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    @user1880405, the more interesting question is: Why shouldn't you do your best? I think you are fixated too much on the promotion system of your company. Do your best, "make them more money", and paths may open up that you do not even see now. Promotion may be a formalized process in your company, but I would bet that the really interesting and rewarding stuff is distributed informally (like everywhere else). Oh, and never, never pass the idea to them that you only work hard if it constantly goes up for you. If it really is that way, think abut a change to a company where "up or out" is lived.
    – Thern
    Commented May 21, 2017 at 7:31

I do not think you should be talking about hypothetical negative scenario and your hypothetical reaction to it. Instead you should just express how much you are looking forward to, how much you have worked hard for it and how motivated you will be with this promotion. It would implicitly mean exactly same thing what you are trying to convey that you will be really disappointed. It will just keep the discussion very positive.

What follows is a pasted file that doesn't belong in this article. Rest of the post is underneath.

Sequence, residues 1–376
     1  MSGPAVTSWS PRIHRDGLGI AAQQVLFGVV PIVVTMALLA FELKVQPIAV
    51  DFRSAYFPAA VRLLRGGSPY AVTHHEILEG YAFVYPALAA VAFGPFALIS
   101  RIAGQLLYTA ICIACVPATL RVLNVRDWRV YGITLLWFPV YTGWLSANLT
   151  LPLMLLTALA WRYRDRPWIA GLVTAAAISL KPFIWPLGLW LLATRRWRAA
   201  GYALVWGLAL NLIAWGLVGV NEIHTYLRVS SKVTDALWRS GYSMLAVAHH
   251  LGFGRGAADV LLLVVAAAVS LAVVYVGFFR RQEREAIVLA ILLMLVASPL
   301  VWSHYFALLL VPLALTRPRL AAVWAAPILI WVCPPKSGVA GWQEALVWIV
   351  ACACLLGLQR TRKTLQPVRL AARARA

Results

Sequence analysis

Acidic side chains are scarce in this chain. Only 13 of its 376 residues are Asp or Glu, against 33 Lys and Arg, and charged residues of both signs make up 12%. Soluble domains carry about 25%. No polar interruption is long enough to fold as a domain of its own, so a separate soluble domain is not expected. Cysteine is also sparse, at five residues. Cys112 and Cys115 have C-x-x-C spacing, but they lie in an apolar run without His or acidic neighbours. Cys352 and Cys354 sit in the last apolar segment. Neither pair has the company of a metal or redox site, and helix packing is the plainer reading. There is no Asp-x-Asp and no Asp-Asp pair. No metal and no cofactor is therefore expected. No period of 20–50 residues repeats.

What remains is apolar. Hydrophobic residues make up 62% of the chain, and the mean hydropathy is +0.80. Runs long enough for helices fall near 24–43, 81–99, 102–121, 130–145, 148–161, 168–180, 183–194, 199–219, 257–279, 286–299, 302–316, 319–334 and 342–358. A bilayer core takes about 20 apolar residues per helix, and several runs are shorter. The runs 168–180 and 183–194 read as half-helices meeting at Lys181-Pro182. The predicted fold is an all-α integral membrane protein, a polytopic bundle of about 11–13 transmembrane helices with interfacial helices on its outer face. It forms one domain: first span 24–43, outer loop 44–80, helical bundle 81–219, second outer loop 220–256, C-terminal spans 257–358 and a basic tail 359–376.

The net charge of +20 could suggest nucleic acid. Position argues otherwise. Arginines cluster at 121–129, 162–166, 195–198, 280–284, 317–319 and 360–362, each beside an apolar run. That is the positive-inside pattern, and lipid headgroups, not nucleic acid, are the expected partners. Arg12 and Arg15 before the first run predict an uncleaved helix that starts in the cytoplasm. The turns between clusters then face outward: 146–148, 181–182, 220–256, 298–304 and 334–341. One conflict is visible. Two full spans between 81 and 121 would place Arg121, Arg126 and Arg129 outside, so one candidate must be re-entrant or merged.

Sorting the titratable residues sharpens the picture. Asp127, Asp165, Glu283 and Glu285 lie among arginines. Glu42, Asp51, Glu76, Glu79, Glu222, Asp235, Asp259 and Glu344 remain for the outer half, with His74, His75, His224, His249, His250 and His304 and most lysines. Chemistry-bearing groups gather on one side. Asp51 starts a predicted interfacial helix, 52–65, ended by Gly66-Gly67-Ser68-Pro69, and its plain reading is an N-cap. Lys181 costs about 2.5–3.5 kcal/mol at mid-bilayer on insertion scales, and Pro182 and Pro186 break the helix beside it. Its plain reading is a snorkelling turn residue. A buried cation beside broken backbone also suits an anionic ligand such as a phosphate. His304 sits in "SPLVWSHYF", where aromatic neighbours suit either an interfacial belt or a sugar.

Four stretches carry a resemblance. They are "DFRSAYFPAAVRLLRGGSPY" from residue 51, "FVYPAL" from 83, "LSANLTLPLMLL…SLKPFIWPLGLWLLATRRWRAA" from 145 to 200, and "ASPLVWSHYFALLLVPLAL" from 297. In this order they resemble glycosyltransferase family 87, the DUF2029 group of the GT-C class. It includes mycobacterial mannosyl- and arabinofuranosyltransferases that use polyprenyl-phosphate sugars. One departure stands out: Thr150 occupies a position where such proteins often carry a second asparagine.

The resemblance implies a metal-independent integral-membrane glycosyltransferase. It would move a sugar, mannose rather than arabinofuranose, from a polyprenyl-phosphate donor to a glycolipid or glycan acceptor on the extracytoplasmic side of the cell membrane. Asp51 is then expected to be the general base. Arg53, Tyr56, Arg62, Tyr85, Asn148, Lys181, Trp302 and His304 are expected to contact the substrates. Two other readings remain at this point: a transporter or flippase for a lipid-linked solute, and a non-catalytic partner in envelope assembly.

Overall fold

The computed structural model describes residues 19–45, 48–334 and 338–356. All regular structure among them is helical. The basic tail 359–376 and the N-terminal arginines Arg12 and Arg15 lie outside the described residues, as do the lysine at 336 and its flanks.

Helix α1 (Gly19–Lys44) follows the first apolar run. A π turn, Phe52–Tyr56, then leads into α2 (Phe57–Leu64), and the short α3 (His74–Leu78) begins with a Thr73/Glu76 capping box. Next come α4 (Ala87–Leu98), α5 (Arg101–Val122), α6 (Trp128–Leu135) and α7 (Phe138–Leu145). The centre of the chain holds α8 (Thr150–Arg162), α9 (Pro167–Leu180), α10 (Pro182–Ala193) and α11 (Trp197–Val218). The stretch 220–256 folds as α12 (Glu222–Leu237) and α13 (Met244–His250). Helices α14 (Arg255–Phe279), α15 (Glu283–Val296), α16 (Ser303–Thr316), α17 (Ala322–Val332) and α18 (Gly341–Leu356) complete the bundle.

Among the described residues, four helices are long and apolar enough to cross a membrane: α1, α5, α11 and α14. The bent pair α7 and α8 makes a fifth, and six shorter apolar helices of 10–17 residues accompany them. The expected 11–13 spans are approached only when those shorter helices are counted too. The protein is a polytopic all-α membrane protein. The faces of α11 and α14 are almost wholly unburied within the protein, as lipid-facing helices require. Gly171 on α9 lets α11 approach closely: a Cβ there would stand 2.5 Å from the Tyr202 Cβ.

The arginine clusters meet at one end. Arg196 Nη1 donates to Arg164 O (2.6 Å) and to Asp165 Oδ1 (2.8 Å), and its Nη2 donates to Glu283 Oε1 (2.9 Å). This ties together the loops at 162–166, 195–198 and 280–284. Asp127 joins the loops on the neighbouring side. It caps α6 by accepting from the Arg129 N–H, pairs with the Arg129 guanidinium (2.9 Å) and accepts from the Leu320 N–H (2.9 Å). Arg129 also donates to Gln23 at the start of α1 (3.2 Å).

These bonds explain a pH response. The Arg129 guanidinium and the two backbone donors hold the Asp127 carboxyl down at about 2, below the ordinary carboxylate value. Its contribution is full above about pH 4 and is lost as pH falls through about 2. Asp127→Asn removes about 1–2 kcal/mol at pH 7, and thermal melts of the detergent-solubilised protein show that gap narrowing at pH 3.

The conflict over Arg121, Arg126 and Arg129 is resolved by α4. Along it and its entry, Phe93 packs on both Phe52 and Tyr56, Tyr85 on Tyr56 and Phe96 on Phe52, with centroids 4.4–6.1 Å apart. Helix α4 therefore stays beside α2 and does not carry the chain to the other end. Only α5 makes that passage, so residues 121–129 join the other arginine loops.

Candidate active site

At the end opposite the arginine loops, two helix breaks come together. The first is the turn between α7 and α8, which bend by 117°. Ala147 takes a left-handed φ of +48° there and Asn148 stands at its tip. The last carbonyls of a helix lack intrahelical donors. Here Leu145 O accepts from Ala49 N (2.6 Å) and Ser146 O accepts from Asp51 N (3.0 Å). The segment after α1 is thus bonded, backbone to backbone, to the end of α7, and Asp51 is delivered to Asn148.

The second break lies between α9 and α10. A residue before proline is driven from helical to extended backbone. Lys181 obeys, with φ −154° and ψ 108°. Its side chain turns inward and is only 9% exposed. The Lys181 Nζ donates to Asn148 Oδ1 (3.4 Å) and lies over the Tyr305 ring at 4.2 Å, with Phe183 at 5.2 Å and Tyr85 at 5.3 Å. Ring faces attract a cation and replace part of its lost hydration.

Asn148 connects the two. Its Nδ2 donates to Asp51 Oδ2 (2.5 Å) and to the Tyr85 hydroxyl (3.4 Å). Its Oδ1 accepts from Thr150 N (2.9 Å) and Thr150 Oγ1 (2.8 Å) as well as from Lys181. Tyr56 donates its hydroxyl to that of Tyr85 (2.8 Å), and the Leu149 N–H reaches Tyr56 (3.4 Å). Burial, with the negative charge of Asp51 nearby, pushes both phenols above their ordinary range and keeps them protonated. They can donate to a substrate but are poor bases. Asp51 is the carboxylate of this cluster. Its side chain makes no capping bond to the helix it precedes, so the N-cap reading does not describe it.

On a side note, since you mentioned it is a large company, be prepared for everything. Reasons for promoting or not promoting someone are not 100% transparent. Your personal feeling may not be even accounted for in these decisions.

  • Didn't even think about this! Indeed seems like a good idea to come from a more positive side of things. Commented May 20, 2017 at 16:04